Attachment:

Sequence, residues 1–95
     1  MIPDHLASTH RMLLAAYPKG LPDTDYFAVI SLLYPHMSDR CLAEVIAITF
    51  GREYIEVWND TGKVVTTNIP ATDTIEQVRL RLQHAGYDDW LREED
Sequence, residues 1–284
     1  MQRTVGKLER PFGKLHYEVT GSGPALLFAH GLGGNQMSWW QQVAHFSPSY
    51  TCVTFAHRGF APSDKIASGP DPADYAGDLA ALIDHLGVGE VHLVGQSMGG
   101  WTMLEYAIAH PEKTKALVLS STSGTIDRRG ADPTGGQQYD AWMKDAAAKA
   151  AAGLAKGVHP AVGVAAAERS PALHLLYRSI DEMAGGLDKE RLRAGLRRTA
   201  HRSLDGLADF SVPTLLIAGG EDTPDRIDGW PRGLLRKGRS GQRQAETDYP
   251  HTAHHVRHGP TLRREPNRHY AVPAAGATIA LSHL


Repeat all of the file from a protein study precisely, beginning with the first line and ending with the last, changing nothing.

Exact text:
Sequence, residues 1–95
     1  MIPDHLASTH RMLLAAYPKG LPDTDYFAVI SLLYPHMSDR CLAEVIAITF
    51  GREYIEVWND TGKVVTTNIP ATDTIEQVRL RLQHAGYDDW LREED
Sequence, residues 1–284
     1  MQRTVGKLER PFGKLHYEVT GSGPALLFAH GLGGNQMSWW QQVAHFSPSY
    51  TCVTFAHRGF APSDKIASGP DPADYAGDLA ALIDHLGVGE VHLVGQSMGG
   101  WTMLEYAIAH PEKTKALVLS STSGTIDRRG ADPTGGQQYD AWMKDAAAKA
   151  AAGLAKGVHP AVGVAAAERS PALHLLYRSI DEMAGGLDKE RLRAGLRRTA
   201  HRSLDGLADF SVPTLLIAGG EDTPDRIDGW PRGLLRKGRS GQRQAETDYP
   251  HTAHHVRHGP TLRREPNRHY AVPAAGATIA LSHL